In scandals’ wake, Jewell lectures employees about ethics

By Corbin Hiar | 06/20/2016 01:02 PM EDT

Interior Secretary Sally Jewell sent an all-staff email last week pledging to fight sexual harassment and other misconduct after a recent wave of investigations exposed wrongdoing at the department.

The note, titled "Promoting an Ethical Culture at Interior," came amid increasing congressional scrutiny of the agency and how it deals with ethical violations. She sent it to all 70,000 Interior employees a day after a House hearing in which National Park Service Director Jonathan Jarvis faced bipartisan criticism over handling of cases of sexual harassment and other malfeasance within his bureau (Greenwire, June 14).

"The honor of serving our country as Federal employees also comes with very serious responsibilities, including the obligation to perform our duties with integrity and to the highest ethical standards," Jewell wrote in the email, which was first reported by The Washington Post.

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She noted that "the vast majority" of Interior employees work hard and play by the rules. But "lapses in judgment or outright misconduct reflect poorly on the Department as a whole, divert resources from our important missions, and are not acceptable. Accordingly, I am addressing this message to every member of the Department so that my expectations are absolutely clear."

The email promoted four ethical practices, starting with the need to follow agency rules.

"I understand there sometimes are gray areas in the real world," she added. "Therefore, when you have any doubt about how to comply with the rules regarding hiring and workplace matters, procurement, ethics, scientific integrity, or other issues, you are encouraged to seek guidance from your supervisor, procurement professionals, human resources, the Solicitor’s Office, the ethics office, or other experts as appropriate."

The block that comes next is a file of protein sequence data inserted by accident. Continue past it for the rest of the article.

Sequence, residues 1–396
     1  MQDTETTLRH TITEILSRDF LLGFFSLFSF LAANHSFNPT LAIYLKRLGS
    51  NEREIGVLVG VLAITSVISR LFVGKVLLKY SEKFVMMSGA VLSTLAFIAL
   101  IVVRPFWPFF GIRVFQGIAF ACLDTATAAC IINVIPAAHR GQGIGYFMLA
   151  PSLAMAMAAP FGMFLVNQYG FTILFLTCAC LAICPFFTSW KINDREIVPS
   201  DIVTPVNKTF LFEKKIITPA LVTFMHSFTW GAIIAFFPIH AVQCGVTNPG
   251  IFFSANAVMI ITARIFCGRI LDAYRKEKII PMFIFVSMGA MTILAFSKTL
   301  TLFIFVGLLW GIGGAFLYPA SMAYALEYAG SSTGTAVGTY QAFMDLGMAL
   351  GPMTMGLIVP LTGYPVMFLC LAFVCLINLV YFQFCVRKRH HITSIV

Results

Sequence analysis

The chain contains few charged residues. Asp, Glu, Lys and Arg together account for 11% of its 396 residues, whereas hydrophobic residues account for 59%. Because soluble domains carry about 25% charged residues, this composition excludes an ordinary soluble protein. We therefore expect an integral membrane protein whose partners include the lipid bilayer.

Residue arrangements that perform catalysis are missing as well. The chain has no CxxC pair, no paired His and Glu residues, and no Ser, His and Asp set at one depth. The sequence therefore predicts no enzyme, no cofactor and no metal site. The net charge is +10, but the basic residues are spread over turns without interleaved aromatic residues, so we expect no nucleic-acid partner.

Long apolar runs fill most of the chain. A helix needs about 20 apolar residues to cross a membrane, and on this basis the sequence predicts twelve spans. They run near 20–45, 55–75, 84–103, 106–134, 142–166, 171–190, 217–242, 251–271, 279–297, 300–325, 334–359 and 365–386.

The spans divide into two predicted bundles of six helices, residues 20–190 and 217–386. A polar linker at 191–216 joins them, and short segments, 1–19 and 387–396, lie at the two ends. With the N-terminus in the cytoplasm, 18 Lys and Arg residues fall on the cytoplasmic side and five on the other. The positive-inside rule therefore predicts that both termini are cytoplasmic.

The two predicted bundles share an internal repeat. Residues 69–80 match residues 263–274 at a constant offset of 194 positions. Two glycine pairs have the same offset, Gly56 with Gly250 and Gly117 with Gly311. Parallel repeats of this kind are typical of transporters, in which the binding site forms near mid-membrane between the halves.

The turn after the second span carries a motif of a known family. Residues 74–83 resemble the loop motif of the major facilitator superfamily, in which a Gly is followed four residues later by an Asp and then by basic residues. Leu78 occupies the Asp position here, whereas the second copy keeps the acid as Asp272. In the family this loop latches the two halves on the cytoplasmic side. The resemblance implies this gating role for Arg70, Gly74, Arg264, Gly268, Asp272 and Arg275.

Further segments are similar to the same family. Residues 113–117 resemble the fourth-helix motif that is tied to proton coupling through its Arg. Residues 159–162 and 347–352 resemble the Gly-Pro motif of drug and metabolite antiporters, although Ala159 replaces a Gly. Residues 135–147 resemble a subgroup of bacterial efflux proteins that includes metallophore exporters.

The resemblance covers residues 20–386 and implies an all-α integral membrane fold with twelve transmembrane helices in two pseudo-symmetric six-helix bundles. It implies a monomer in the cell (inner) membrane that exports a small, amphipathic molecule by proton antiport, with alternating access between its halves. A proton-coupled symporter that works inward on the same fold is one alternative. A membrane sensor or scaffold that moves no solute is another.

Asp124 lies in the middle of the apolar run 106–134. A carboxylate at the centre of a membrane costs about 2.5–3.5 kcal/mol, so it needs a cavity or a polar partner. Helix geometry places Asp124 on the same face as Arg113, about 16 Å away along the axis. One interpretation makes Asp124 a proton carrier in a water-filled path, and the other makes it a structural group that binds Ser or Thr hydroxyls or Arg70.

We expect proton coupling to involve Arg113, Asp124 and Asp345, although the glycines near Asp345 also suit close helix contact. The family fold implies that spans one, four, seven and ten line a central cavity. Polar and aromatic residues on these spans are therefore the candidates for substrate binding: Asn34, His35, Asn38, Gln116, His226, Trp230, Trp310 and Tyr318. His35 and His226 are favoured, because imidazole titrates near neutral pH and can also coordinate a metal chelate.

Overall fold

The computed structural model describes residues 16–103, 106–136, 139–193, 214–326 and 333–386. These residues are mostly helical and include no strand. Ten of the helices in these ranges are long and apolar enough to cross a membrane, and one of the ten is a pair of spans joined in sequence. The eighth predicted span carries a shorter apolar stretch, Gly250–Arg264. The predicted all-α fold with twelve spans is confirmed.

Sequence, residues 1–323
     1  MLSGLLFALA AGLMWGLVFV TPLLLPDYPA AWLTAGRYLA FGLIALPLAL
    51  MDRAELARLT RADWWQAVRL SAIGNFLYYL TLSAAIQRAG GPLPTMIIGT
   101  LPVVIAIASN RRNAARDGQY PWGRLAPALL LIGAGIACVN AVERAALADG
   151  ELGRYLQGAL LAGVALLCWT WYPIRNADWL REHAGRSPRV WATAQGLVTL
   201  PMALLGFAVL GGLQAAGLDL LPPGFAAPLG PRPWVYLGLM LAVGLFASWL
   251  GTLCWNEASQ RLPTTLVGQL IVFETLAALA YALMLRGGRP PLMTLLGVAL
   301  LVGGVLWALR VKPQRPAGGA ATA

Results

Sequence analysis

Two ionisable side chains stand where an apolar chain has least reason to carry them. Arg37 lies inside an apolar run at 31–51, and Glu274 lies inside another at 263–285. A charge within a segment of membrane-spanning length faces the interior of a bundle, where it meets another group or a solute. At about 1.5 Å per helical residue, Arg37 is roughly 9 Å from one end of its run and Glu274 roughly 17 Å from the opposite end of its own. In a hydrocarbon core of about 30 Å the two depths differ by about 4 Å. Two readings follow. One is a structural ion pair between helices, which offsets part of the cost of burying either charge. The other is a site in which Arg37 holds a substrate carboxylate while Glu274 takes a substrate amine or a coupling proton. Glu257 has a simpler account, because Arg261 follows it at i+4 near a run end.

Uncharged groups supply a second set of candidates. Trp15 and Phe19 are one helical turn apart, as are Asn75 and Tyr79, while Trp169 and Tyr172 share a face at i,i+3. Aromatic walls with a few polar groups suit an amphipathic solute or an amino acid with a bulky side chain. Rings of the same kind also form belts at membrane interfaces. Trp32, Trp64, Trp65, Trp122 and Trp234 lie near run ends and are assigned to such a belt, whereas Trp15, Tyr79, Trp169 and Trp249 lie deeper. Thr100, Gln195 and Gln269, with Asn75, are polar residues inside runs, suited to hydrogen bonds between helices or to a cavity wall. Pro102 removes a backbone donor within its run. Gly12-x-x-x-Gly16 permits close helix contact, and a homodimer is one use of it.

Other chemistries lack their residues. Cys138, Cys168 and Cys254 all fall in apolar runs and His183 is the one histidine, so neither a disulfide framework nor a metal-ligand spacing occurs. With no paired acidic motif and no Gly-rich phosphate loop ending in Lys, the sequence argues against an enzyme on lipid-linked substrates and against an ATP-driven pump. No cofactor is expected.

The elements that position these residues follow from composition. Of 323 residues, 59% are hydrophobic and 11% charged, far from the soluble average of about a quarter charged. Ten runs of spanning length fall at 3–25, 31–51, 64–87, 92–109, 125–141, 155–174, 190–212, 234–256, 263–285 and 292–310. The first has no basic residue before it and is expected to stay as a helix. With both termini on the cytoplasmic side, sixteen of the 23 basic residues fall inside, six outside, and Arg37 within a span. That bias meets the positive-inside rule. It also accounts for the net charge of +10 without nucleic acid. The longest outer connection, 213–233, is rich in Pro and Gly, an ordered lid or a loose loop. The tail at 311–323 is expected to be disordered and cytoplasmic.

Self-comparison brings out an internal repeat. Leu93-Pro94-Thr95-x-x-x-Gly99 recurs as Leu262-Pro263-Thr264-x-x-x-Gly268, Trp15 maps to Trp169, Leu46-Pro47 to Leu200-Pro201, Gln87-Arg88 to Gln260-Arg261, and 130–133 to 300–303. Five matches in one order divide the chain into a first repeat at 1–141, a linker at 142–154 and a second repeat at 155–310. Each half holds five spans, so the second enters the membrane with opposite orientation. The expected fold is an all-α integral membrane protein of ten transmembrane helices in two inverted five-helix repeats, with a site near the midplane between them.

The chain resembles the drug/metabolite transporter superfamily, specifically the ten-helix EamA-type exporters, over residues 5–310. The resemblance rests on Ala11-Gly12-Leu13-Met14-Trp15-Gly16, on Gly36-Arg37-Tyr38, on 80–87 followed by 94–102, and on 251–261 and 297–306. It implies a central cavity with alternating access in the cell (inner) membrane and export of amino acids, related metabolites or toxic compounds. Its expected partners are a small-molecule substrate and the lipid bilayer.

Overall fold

Jewell also emphasized the need to respect co-workers and the general public.

"I am particularly troubled by reports of sexual harassment and mistreatment of people in the workplace," she said. "As a Department, we have no tolerance for this type of conduct, which is poisonous to the workplace, demeaning and damaging to the affected individuals, and completely out of line with our values."

She highlighted the agency’s commitment to curb sexual harassment, which the Office of Inspector General found was rife at Grand Canyon National Park and Canaveral National Seashore.

"I have spoken with senior Department and Bureau leadership about ways to better understand the scope of this problem within the Department," Jewell wrote. "Systematically addressing sexual harassment at the Interior Department is a priority."

The secretary also called on employees to report any misconduct they see around them.

"We must all unite in our commitment not to ignore or turn a blind eye to problems that occur in our midst," she said.

In the wake of news that three Fish and Wildlife Service supervisors were suspended for retaliating against a whistleblower, Jewell told employees the agency won’t tolerate punishment for people who raise concerns about potential violations.

"Retaliation is expressly prohibited by the law, and it runs counter to the culture of compliance and ethical responsibility that is expected of the Department and all employees," she said.

The House Natural Resources Committee will hold a second hearing on misconduct at Interior later this week (E&E Daily, June 20).

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